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Homewhats workingFor casinos, baby steps on a virtual Atlantic City boardwalk

For casinos, baby steps on a virtual Atlantic City boardwalk

Legalization of Internet betting in several U.S. states is turning the gaming industry on its head and turning some states, like New Jersey, into a case study for the promise and pitfalls inherent in Internet disruption of status quo businesses. New Jersey's gaming companies have emerged as pioneers in online gaming—Nevada and Delaware are the only competition—but the Garden State's big online bet is still stuck somewhere between cutting-edge technology and desperation in what has been a slowly dying market.

Many casinos never fully recovered from the Great Recession. A report released by the Nevada Gaming Control Board last week showed the state's largest casinos are $1.35 billion in the red for the most recent fiscal year—a loss for the fifth straight year.

But for New Jersey's Atlantic City, the downturn was compounded by Tropical Storm Sandy.

In this November 2013 photo, an elderly couple plays slot machines at the Tropicana Casino and Resort in Atlantic City, N.J.Wayne Parry | AP

Gaming industry leaders are eager to come up with innovative ways to generate new revenue. "I believe that online gaming will evolve to become a major part of the American gaming industry," said David Schwartz, director of the Center for Gaming Research at the University of Nevada Las Vegas. "I see it as a shift in the way that people gamble, comparable to the change from table games to slot machines, which happened in the 1970s and 1980s."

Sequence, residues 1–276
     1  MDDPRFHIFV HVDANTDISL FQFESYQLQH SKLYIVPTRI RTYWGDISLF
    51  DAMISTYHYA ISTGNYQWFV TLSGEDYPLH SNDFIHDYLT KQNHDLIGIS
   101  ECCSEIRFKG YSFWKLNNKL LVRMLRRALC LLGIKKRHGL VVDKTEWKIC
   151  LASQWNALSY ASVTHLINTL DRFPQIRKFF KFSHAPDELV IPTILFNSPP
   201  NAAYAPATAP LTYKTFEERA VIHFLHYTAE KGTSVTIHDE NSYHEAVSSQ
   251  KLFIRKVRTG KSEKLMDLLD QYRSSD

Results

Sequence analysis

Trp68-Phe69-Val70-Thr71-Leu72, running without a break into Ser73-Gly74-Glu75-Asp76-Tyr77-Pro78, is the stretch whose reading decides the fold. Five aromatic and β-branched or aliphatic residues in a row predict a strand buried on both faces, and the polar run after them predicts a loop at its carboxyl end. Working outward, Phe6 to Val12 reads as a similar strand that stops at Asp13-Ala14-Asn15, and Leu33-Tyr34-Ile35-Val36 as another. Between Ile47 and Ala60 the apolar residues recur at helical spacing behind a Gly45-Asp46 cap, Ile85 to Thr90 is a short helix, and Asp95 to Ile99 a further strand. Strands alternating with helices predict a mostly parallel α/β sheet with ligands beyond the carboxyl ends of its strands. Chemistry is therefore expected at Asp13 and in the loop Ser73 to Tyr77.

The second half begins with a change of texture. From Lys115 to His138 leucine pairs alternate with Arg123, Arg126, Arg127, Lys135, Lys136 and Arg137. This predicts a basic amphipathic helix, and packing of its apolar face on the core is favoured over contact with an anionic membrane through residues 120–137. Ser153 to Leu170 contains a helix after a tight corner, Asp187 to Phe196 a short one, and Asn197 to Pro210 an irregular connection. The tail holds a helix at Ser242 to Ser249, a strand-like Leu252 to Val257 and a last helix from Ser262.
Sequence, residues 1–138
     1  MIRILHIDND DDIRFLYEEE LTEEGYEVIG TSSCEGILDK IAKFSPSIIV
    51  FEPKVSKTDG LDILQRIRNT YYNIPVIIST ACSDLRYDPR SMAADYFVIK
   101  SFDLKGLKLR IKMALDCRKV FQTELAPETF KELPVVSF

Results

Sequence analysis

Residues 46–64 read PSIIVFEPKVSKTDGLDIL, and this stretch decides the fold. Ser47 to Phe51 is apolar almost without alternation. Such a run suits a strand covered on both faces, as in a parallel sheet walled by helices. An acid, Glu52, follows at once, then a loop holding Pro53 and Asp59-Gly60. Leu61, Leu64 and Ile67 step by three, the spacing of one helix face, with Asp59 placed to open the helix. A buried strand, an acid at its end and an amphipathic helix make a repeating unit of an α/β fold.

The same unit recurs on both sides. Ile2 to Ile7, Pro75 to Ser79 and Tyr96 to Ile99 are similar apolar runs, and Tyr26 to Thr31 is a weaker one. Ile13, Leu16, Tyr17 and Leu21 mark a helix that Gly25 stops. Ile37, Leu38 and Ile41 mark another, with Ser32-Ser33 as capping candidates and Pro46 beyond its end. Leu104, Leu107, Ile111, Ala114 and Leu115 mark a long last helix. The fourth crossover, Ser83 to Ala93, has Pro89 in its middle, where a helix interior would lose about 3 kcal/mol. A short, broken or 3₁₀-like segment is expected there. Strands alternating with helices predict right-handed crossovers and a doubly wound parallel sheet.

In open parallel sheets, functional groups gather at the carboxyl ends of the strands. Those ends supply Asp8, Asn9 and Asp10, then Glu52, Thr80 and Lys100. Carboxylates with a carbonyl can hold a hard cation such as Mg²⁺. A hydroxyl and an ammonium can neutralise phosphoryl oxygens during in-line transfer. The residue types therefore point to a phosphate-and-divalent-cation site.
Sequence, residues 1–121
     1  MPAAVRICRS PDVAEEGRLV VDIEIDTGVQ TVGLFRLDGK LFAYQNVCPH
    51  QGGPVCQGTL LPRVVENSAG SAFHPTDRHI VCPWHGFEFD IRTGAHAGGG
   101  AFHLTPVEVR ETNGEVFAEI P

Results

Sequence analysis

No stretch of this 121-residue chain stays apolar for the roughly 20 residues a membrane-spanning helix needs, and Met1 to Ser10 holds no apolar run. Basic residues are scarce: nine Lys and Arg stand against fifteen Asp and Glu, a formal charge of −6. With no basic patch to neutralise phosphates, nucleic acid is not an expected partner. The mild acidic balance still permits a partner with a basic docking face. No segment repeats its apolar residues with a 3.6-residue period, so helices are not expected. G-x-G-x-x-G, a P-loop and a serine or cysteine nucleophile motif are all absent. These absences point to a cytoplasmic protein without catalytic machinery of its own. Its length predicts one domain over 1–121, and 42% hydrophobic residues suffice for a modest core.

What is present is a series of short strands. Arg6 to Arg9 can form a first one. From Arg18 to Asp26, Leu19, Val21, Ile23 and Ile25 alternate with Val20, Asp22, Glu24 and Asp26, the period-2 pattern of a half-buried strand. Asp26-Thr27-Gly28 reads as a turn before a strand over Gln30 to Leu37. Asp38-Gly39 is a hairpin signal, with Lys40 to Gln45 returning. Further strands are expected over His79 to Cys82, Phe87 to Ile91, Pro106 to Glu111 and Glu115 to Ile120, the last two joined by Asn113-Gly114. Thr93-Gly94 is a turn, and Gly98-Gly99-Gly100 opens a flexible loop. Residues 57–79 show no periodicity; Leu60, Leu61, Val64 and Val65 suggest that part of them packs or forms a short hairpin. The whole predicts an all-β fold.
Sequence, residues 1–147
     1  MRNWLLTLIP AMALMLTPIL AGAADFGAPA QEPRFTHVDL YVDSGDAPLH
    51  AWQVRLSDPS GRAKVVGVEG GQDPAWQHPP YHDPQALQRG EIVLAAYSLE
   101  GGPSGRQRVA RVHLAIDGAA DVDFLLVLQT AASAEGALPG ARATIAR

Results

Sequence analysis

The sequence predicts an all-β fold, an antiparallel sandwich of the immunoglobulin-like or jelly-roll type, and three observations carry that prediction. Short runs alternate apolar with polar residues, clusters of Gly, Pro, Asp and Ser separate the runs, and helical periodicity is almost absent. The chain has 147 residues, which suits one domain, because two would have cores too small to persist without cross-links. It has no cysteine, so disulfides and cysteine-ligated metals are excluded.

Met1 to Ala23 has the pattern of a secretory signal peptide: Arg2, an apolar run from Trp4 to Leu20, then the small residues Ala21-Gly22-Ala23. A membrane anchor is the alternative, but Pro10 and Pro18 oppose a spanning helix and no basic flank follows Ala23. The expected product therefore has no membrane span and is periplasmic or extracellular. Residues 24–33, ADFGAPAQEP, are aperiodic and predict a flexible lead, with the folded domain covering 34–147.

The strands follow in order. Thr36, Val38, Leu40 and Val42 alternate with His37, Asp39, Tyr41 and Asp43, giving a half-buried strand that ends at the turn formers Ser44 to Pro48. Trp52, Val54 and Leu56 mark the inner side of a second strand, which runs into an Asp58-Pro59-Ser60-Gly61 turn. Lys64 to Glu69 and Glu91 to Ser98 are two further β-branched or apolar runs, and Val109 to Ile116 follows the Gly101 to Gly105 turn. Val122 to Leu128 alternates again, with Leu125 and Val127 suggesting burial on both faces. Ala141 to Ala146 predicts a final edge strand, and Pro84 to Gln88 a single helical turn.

The early results from New Jersey's entrance into online gaming are, not surprisingly, inconclusive, showing a struggling industry overall and a boost from online revenue that is modest. Atlantic City casinos reported a loss for the seventh straight year, with revenue falling below $3 billion in 2013 for the first time in 22 years, according to a report last week from New Jersey's Division of Gaming Enforcement.

Internet gambling revenue totaled $8.4 million in New Jersey from Nov. 21, 2013, when it began, through the end of December, according to the report. That's much less than the amount deemed necessary to reach the state's ambitious forecast of $1.2 billion by the end of the fiscal year, or even its more conservative forecast of $300 million.

(Read more: Delaware considers its option to revive gaming industry)

Betting on the Internet to transform a legacy business is clearly easier said than done.

"Operators and suppliers are going to have to reinvest capital and come up with new games and new ways to attract players to the New Jersey gaming market," said Lisa Spengler, spokesperson for the New Jersey's Division of Gaming Enforcement.

"The industry needs to stay aggressive to attract new customers both to land-based casinos as well as to Internet game play," said Spengler.


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